19. If you were not a writer what else would you like to have done?
Well, I had a full career teaching and found that rewarding most of the time! Otherwise, I would have liked to act or work behind the mike on radio, but those were very dicey ambitions—even more unlikely than being an author! I also enjoyed design when I was a kid, especially automotive design.
20. What are you working on right now?
Dog stories. My current fantasy trilogy is definitely for mature audiences, but the new project is aimed at “children of all ages,” though specifically early elementary grades up to about age 10. But the “all ages” target is important because I want these to be stories that delight everyone even the parents who may read these tales to their children. The stories are mostly realistic based on our experience adopting and getting acquainted with our rescue dog, Trixie. A few fantasy tales develop through Trixie’s dreams, inspired by real events.
21. How much research do you do for your novels? Bonus –what’s the weirdest thing you have Googled?
Most research is within my own head to find imaginative solutions to develop my characters, setting, and plot. I usually research any factual material as background to my stories. I don’t make a big effort, but I want to be accurate on anything realistic in my stories. No weird Googling!
22. What’s the scariest thing you have ever done, and did it end up in a story?
I barreled down an incredibly steep hill in my 4Wheeler one time. There was a deep ravine at the bottom of the hill, so I had to steer hard right to miss it once I got near the bottom. Not exactly a fun thing to do while gaining a lot of speed down a scary hill. Haven’t found a place for it in a story. Maybe someday…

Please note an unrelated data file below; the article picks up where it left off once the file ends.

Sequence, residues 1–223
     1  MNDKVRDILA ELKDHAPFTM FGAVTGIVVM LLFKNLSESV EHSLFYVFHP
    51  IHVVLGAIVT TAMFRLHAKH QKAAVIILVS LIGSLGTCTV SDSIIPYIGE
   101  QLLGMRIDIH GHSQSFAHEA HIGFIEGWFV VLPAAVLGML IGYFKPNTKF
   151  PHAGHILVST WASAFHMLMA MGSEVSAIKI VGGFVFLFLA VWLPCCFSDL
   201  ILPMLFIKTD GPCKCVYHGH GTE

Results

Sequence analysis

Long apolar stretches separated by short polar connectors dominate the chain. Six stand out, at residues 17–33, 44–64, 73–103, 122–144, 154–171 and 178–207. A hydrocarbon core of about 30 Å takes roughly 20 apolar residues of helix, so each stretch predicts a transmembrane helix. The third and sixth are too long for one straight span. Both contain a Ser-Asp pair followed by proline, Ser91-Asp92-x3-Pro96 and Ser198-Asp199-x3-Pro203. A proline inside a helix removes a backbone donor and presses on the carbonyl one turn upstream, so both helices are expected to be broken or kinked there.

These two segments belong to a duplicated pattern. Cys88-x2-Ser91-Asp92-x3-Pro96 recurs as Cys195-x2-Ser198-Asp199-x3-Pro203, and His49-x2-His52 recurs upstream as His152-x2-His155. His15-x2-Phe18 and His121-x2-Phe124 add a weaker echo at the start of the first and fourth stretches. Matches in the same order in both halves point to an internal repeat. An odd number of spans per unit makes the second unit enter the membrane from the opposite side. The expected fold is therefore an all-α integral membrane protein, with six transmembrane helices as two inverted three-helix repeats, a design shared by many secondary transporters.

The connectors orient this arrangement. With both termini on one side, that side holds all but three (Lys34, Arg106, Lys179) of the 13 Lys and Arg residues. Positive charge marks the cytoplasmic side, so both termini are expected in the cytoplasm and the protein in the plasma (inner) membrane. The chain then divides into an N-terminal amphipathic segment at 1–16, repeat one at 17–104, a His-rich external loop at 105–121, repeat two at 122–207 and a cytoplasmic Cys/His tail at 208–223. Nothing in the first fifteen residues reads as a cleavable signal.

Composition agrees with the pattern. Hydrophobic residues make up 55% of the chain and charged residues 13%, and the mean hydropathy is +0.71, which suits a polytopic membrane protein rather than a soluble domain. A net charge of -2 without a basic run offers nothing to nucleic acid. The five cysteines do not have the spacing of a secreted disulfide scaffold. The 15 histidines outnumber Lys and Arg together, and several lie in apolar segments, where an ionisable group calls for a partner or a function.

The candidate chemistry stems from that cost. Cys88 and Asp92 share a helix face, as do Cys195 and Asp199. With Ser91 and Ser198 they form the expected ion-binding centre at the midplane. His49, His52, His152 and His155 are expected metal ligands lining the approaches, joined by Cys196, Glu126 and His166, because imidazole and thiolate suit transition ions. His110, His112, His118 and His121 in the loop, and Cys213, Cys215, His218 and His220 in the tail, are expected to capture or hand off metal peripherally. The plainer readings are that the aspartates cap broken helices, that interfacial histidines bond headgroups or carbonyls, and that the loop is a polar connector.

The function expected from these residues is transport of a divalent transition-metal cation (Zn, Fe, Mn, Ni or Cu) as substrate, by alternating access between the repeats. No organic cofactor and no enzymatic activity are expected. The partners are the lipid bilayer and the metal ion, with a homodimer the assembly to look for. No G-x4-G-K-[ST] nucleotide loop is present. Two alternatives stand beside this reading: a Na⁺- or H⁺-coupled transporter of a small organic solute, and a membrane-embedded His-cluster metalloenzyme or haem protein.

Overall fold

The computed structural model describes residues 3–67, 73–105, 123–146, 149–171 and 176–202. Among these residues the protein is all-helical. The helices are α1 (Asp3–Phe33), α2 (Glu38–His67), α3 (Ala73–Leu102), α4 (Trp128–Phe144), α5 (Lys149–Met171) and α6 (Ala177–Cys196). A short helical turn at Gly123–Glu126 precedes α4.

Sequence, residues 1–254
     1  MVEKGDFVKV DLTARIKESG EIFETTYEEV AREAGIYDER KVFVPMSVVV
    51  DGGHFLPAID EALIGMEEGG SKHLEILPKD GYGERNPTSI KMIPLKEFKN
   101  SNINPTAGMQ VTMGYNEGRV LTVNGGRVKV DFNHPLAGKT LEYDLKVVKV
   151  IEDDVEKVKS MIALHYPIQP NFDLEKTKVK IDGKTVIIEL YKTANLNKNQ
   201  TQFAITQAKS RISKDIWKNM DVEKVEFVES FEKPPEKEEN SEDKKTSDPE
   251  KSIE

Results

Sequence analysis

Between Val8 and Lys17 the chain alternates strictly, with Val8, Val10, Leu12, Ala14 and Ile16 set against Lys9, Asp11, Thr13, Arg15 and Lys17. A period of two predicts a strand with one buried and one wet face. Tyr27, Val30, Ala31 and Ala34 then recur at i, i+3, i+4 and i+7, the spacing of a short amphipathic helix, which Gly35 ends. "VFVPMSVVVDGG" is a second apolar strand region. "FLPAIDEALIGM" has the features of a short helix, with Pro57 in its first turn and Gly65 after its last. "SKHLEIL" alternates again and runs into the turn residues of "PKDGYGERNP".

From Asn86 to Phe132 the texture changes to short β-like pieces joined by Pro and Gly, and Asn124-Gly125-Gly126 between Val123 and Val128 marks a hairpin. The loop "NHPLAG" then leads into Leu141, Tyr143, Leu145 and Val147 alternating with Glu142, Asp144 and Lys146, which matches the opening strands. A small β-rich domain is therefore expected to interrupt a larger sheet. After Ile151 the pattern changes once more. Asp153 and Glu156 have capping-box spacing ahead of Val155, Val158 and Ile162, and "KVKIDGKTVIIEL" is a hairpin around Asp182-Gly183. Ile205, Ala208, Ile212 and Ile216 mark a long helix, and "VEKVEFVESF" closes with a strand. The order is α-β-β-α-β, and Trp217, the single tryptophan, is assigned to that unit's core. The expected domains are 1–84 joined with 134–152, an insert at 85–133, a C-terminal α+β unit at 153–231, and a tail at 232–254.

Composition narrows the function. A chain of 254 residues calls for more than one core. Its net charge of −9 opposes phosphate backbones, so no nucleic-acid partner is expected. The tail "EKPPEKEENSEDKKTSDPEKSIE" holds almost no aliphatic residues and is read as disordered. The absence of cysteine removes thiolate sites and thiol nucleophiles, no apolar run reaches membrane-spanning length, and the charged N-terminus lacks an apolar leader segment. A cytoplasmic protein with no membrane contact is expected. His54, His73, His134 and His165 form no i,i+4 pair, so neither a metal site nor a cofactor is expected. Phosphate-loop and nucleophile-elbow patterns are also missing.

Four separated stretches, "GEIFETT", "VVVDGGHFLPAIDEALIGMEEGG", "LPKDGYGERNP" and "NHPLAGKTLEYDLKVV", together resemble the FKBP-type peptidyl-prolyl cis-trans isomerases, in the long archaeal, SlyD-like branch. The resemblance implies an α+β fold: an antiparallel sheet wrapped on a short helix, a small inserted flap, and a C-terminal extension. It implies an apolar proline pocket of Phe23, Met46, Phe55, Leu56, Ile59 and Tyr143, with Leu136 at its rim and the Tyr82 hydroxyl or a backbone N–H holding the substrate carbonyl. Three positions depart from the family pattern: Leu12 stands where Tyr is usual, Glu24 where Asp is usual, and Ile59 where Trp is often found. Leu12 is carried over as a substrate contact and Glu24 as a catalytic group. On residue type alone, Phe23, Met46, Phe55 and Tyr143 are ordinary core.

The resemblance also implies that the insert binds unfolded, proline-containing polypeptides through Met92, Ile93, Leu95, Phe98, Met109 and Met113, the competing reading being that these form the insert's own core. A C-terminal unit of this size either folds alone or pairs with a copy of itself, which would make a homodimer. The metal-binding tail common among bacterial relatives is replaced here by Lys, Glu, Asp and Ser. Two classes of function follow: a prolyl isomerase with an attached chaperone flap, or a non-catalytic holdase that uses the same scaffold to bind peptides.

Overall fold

23. Name 5 fictional characters you would invite to a dinner party. Where would the party be?
Macbeth, Hercule Poirot, Captain James Kirk, Violet Crawley (from Downton Abbey), and Kurt Wallander. The party could only take place on the Starship Enterprise as it passes through the edge of a black hole cutting across multiple time zones. Not sure what the occasion would be, but with those characters, who needs a plot!
24. What links or website do you have? List them below.
Buy links for Rio Grande Parallax Series:
*All three books: The Tower of Il Serrohe, Extreme Dust Storms May Exist, and Zero Visibility Possible, are available on my publisher’s web site: Black Rose Writing *Signed copies of my books (print) can be purchased directly from my Square Store.
*Also, print and eBooks (some are available free on Amazon) available at: Amazon (Tower of Il Serrohe): http://goo.gl/7CsGi2 Amazon (Extreme Dust Storms May Exist): http://goo.gl/JK5wc3 Amazon (Zero Visibility Possible): https://goo.gl/TV7BiU Barnes & Noble (Tower of Il Serrohe): http://goo.gl/sGC0cS Barnes & Noble (Extreme Dust Storms May Exist): http://goo.gl/SCewFl Barnes & Noble (Zero Visibility Possible): https://goo.gl/ryiWpw